12 Ways You Can Use Food to Improve Your Mental Health

Food to Boost Your Mental Health
Human head shape with variety of different food ingredients on gray background

You never now know that diet may be just as important to mental health as it is to physical health, so it comes as no surprise to learn that what we eat and how we do it has huge implications. And it’s not just about eating healthily. There are other ways that foods can boost your mental health. Check them out:

– Bake for others and get psychological benefits from it

Baking, especially when it’s done for others, can be accompanied with a host of psychological benefits. Not only is baking a productive form of self-expression, but the activity is also a practice of mindfulness.

– Load up on foods that will fuel you with energy

Some foods will energize your body and make you feel good. They’re often loaded with iron, B vitamins, magnesium, potassium and zinc. Think legumes, nuts and seeds. Those are the foods you want to incorporate into your daily diet. If you eat a diet that energizes you, you’re more likely to have the energy to be active, which will also boost your mood and it all becomes a positive cycle.

– Keep away from sugary foods

You will never believe what sugar does to your brain. Not only does eating sugar-rich foods intensify your craving for more sugar, but it can also contribute to depression and anxiety. When your blood sugar drops which happens after we eat sugar-laden foods it can heighten moody or anxious feelings.

– Eat foods that will help you get a better night’s sleep

Some foods will disrupt your sleep like steak or chili and others will actually help you sleep better. Since we know that a good night’s sleep does wonders on our mental and emotional state, it’s only natural to help that along with healthy foods. Look for foods like brown rice, which contains the amino acid, or foods that release melatonin, like cherries.

– Consider culinary art therapy for its mental benefits

Cooking can be used as a form of therapy. The process of putting a meal together is thoughtful. It requires attention and intention, and it focuses your mind on a tangible task while hopefully muting out the noise of the busy world around us. There are experts who specialize in just this kind of therapy out there, you just have to know to look for it.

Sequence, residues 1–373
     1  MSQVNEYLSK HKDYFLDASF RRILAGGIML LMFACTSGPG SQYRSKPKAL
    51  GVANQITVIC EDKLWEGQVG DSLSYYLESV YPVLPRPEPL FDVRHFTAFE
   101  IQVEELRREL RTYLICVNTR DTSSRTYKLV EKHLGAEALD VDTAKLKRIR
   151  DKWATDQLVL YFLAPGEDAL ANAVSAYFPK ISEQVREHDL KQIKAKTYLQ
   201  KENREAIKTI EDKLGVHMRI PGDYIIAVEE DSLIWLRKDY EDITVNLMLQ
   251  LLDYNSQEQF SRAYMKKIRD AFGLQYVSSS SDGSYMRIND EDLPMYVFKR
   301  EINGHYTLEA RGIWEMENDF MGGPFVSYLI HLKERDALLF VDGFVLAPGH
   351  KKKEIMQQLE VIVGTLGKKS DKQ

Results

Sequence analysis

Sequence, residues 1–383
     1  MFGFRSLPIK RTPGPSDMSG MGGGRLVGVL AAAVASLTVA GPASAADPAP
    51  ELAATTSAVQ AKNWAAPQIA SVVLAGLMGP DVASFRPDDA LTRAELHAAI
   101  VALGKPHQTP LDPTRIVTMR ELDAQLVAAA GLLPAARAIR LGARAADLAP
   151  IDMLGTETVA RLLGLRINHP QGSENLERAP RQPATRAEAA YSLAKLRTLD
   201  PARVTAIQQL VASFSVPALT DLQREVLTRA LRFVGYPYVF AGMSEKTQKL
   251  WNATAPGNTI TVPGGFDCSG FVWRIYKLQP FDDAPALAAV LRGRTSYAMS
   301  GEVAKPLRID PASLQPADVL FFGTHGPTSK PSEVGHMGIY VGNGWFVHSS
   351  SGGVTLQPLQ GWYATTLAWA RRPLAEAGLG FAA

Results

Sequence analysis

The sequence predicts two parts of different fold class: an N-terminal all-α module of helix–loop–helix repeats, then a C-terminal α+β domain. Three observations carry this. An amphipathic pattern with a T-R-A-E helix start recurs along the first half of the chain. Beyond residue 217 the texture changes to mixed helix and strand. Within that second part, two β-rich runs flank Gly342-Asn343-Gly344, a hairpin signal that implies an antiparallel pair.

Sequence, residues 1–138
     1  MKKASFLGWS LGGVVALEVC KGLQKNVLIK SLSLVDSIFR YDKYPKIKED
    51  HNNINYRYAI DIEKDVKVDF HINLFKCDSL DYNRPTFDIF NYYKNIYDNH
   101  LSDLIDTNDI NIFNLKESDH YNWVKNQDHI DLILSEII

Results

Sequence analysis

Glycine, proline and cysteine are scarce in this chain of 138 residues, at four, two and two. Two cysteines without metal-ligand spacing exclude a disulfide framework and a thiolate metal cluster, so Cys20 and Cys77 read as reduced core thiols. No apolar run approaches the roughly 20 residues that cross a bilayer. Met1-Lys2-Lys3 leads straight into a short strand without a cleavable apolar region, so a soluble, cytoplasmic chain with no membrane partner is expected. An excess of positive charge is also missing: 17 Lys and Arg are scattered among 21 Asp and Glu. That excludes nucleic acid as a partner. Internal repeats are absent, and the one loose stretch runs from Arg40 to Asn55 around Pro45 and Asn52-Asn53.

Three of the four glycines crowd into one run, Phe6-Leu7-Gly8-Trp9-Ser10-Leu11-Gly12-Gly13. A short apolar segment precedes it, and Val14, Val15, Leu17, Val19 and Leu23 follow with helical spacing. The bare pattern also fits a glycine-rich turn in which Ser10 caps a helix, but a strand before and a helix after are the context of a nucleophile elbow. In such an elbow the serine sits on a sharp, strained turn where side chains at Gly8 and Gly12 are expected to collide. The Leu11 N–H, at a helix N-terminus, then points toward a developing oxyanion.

– Take a break

In those moments when it all seems like too much, step away, and do anything but whatever was stressing you out until you feel a little better. Sometimes the best thing to do is a simple breathing exercise: Close your eyes and take 10 deep breaths. For each one, count to four as you inhale, hold it for a count of four, and then exhale for another four. This works wonders almost immediately.

– Go to bed on time

A large body of research has shown that sleep deprivation has a significant negative effect on your mood. Try to go to bed at a regular time each day, and practice good habits to get better sleep. These include shutting down screens for at least an hour before bed, using your bed only for sleep or relaxing activities, and restricting caffeinated drinks for the morning.

– Open up to someone

Knowing you are valued by others is important for helping you think more positively. Plus, being more trusting can increase your emotional well-being because as you get better at finding the positive aspects in other people, you become better at recognizing your own.

– Do something for someone else

Research shows that being helpful to others has a beneficial effect on how you feel about yourself. Being helpful and kind and valued for what you do is a great way to build self-esteem. The meaning you find in helping others will enrich and expand your life.

– Tell yourself something positive

Research shows that how you think about yourself can have a powerful effect on how you feel. When we perceive our self and our life negatively, we can end up viewing experiences in a way that confirms that notion. Instead, practice using words that promote feelings of self-worth and personal power.

– Write down something you are grateful for

Gratitude has been clearly linked with improved well-being and mental health, as well as happiness. The best-researched method to increase feelings of gratitude is to keep a gratitude journal or write a daily gratitude list. Generally contemplating gratitude is also effective, but you need to get regular practice to experience long-term benefit.

– Focus on one thing at a time

Being mindful of the present moment allows us to let go of negative or difficult emotions from past experiences that weigh us down. Start by bringing awareness to routine activities, such as taking a shower, eating lunch, or walking home. Paying attention to the physical sensations, sounds, smells, or tastes of these experiences helps you focus.

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